Vallerand and his colleagues suggest a few tests for whether you are suffering from this negative obsessive passion. These include the question of whether you feel guilty about your dedication, because you know at some level you are engaging in it when you shouldn’t, like when you should be fulfilling family or work obligations. A peak surge of guilt is likely to occur just when you cease (or are forced to stop) indulging in your passion (temporarily), as you are likely to be most aware at that moment you probably shouldn’t have been doing what you were.


Obsessive passion also reveals itself by the difficulty sufferers experience in fully disengaging from thoughts about the activity. Ruminating about your passion gets in the way of concentrating properly on other aspects of your life. You will also experience withdrawal symptoms and pining for your infatuation when prevented from undertaking by the rest of life.


The more positive form of passion which Vallerand and colleagues argue exist is what they term Harmonious Passion. They invoke the concept of harmony because of the idea that your infatuation is more harmoniously integrated into the rest of your life. To put it bluntly – you actually have a life outside of the enthusiasm. You fulfill other roles and obligations separate to your craze. This means when you are pursuing your passion you do so not out of sense of compulsion but more freely. Paradoxically because you are taking part in the interest out of more free choice, you are then able to engage in it more fully, and as a result become more positively absorbed by the passion, rather than taking part more fitfully because it occupies a less than fully integrated joy.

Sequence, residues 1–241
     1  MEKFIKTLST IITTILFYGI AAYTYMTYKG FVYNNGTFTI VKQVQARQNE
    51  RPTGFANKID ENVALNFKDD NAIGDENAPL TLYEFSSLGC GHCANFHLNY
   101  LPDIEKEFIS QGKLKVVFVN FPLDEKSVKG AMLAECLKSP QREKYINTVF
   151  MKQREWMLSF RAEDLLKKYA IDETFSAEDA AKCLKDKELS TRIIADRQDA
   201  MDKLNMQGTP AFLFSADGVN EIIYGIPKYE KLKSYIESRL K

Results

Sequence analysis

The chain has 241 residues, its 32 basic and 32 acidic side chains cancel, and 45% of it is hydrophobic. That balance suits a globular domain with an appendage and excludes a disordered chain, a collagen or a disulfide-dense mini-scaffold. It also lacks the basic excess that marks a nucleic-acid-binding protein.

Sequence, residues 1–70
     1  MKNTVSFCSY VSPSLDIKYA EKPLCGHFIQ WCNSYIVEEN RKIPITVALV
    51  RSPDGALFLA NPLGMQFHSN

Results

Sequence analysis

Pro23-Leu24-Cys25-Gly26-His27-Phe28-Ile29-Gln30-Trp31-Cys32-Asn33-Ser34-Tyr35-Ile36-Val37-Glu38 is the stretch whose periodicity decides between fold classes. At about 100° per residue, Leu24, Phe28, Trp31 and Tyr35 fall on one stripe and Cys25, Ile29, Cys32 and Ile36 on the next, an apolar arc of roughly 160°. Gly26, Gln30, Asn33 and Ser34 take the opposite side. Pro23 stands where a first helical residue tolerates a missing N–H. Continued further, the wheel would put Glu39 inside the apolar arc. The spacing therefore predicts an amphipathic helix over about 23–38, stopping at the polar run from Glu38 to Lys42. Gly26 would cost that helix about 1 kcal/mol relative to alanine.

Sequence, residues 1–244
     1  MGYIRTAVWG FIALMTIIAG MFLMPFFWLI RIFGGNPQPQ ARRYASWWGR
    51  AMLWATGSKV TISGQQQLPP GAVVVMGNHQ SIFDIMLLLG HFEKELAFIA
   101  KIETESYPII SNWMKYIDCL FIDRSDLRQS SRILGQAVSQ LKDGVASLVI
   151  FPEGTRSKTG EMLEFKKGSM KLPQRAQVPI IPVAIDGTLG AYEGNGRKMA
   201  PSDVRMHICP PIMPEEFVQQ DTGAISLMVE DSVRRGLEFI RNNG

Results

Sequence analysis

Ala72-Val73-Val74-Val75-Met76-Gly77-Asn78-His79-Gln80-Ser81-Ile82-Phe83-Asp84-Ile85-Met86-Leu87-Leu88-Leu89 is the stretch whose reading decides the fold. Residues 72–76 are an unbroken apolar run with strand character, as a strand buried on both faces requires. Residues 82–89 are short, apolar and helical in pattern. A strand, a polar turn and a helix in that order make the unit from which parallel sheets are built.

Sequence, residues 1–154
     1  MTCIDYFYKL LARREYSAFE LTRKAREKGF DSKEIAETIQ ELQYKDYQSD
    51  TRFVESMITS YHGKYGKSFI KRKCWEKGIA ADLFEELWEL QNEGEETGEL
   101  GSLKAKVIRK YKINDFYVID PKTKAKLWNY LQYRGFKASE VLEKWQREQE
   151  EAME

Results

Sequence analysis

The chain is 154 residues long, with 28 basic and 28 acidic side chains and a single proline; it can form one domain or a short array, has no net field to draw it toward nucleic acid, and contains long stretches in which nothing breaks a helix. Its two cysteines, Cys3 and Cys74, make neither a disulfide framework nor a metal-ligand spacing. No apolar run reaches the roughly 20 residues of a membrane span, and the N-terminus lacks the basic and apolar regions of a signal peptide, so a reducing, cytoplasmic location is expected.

If you have a Harmonious Passion for cycling for example you will not continue to prepare for the next race by cycling on icy roads that have become dangerous due to a cold snap. The Obsessively Passionate, on the other hand, appear unable to help themselves in the face of these kinds of ill-advised risks. As a result they come a cropper and despite their high levels of passion frequently end up taking two steps forward and one very broken one backwards.


Understanding passion appears key to grasping how excellence and elite performance are achieved. One famous study found by age 20, the top-level violinists in had practiced 2,500 hours more than the second-most accomplished group of expert violinists, and 5,000 hours more than the lowest level of experts. It is passion which sustains effort long after the repetitive, demanding and no longer theoretically enjoyable task has been given up by the less passionate.